Ethereum (ETH) has faced the dilemma of moving to proof-of-stake in the usual way – by another delay in the mining “ice age”. For the past three years, developers have voted several times to disable the difficulty time bomb, so that miners could get some grace time to seek block rewards.
Ethereum’s Berlin Hard Fork Arrives Without Difficulty Growth
The next likely delay of the difficulty time bomb will happen for the Berlin hard fork, which is scheduled for June 2020. The Istanbul hard fork, which is expected in December 2019, will also go without the final drive to abandon mining.
Ethereum’s difficulty bomb is like the US debt ceiling. It’s a self-imposed rule that is supposed to force change, but is easily pushed back with zero penalty whenever it comes around. They should just get rid of this charade completely.
— Charlie Lee [LTC⚡] (@SatoshiLite) November 2, 2019
The phasing out of mining is seen as an empty promise on the side of Ethereum’s team. Despite the network problems based on the proof-of-work model, and the congestions based on gas usage, proof-of-stake for ETH will be only partial, and miners will remain important.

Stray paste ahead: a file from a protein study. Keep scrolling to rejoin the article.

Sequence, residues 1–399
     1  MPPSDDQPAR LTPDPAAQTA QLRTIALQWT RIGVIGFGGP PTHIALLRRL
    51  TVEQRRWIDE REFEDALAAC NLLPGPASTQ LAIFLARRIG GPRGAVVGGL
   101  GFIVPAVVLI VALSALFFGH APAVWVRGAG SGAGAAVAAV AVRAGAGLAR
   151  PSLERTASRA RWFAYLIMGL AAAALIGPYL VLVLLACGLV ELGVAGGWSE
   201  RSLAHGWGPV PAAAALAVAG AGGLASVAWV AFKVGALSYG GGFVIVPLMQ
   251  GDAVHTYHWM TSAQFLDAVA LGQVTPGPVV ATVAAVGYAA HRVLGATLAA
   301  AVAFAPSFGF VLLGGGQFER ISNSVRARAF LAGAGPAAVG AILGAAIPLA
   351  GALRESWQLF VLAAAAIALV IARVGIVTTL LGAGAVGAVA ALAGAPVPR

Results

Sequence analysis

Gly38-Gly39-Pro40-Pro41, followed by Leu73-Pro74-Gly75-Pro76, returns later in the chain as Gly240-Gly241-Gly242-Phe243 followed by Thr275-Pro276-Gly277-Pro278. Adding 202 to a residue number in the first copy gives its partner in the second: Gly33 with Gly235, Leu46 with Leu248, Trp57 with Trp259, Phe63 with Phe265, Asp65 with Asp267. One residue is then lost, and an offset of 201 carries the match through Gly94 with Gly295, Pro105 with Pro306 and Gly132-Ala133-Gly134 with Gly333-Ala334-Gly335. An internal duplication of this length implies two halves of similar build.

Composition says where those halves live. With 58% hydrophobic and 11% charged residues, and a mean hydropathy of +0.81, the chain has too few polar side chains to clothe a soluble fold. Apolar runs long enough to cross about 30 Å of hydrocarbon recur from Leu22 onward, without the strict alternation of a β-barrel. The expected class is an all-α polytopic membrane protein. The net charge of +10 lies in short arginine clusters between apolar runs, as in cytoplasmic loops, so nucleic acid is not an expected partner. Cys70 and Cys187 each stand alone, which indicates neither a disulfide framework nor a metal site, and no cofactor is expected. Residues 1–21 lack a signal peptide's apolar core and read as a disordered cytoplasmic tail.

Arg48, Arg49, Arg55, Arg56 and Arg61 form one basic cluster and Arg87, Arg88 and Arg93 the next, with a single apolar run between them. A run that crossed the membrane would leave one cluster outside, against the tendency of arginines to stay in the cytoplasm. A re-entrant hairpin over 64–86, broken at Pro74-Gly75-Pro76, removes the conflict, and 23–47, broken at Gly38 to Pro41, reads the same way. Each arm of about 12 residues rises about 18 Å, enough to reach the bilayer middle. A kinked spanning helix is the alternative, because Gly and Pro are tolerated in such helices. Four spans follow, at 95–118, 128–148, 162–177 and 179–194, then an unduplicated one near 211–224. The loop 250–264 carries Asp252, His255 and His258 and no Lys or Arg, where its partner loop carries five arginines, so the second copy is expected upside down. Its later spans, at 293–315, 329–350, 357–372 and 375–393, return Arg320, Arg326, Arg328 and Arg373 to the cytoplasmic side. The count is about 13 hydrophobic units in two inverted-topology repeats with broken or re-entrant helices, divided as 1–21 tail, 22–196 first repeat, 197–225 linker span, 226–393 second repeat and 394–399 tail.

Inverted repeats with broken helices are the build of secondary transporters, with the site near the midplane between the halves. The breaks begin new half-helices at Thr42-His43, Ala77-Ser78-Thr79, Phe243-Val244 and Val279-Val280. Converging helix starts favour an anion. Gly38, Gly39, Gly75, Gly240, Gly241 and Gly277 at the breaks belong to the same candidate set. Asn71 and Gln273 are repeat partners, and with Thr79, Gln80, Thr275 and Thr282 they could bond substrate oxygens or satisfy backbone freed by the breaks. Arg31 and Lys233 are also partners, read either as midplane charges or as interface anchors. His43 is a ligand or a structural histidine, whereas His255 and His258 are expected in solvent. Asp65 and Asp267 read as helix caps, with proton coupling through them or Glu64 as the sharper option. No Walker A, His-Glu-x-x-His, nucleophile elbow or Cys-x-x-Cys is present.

The latest talk of delay follows the Istanbul hard fork that caused a split of the Ropsten testnet. The event gave an interesting possibility – that despite moving on to another block production model, miners are influential enough to keep producing blocks.
There are now fears that Ethereum may end up with two competing chains. The exact resolution of the conflict is now unknown, as the rule of the longest chain can be disregarded and new assets can be produced.